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Old 8th November 2011
  #23
Quote:
Originally Posted by Jason West View Post
But I visited as an American citizen. I didn't pay any French taxes for access to the Louvre. It is also free to all foreign visitors that don't pay French taxes (British, German, Chinese, etc).
Come on man. So you stayed in a hotel in Paris, you ate at local restaurants. You contributed foreign exchange, and that's how the french government made back it's investment in one day's free viewing per month.
In any case, you simply can't say the artworks have no value, as they are valued in the millions of dollars. The fact is you were granted a free viewing, you didn't demand it any day of the week. This is key to the debate. Giving choice back to the people who own the art.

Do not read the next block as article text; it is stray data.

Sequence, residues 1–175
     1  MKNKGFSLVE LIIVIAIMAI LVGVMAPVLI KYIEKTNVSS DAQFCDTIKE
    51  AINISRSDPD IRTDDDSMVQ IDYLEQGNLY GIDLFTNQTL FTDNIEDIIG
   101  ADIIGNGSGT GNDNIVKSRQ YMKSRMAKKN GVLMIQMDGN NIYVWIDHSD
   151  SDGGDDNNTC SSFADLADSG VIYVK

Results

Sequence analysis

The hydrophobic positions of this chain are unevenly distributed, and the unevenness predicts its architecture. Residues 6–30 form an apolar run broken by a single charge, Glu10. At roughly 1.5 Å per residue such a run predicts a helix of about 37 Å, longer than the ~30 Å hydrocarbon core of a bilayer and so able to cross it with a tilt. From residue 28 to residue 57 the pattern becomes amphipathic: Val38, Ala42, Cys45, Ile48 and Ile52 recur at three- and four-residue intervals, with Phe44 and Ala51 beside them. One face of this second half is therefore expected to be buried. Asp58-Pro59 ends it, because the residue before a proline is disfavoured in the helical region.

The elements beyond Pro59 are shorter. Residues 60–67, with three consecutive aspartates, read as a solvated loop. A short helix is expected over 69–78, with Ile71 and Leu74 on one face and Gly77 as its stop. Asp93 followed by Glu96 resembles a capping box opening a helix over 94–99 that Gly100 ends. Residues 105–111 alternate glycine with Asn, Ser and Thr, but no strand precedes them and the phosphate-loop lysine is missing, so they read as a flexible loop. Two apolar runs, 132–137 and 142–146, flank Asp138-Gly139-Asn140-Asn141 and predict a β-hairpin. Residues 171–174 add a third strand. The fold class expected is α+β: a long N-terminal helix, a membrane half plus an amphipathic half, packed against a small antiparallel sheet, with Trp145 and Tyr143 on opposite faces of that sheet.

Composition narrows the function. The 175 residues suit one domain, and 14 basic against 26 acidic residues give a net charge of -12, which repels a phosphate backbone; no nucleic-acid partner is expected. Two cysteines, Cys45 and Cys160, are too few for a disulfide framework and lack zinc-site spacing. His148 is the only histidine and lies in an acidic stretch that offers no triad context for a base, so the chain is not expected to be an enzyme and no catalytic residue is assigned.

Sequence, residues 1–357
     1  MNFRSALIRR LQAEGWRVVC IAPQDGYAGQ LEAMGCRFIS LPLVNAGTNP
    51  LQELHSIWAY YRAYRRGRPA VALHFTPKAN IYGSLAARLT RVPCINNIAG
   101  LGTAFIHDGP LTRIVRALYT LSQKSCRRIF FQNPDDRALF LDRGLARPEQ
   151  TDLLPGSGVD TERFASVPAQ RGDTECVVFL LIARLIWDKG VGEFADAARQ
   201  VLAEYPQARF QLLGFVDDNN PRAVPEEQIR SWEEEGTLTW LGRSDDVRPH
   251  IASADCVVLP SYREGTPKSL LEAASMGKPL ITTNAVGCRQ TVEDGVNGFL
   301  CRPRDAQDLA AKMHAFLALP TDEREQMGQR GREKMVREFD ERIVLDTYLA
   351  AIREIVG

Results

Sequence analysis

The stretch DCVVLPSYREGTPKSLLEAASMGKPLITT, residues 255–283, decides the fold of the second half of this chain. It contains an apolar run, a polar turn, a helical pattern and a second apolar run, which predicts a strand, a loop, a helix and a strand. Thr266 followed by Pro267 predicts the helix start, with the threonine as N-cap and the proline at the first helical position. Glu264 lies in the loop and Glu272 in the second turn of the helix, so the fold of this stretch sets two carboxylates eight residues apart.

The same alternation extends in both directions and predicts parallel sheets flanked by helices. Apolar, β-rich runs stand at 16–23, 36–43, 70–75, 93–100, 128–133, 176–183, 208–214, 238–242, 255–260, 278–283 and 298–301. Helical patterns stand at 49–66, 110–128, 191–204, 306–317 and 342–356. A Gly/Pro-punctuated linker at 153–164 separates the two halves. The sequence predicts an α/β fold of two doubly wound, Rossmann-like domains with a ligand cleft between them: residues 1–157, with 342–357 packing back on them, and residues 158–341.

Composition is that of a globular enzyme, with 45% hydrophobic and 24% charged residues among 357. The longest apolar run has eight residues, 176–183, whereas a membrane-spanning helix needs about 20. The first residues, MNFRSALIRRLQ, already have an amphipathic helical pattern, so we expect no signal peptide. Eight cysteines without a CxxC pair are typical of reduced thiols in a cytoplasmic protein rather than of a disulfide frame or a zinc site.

Quote:
No. Artists' intent is not enough against the tide of public perception (and technological progress). Basically, artists' intent is irrelevant even though we'd would wish it to be otherwise.
That's utterly and totally wrong.
The public perception is that gas prices, electricity, eating at a Michelin starred restaurant are also over-priced and hard to afford.
That's life bud. Whatever the 'public perception' the public [i]fact[/i[] is it's illegal to download music without permission.
What is more important - fact or perception?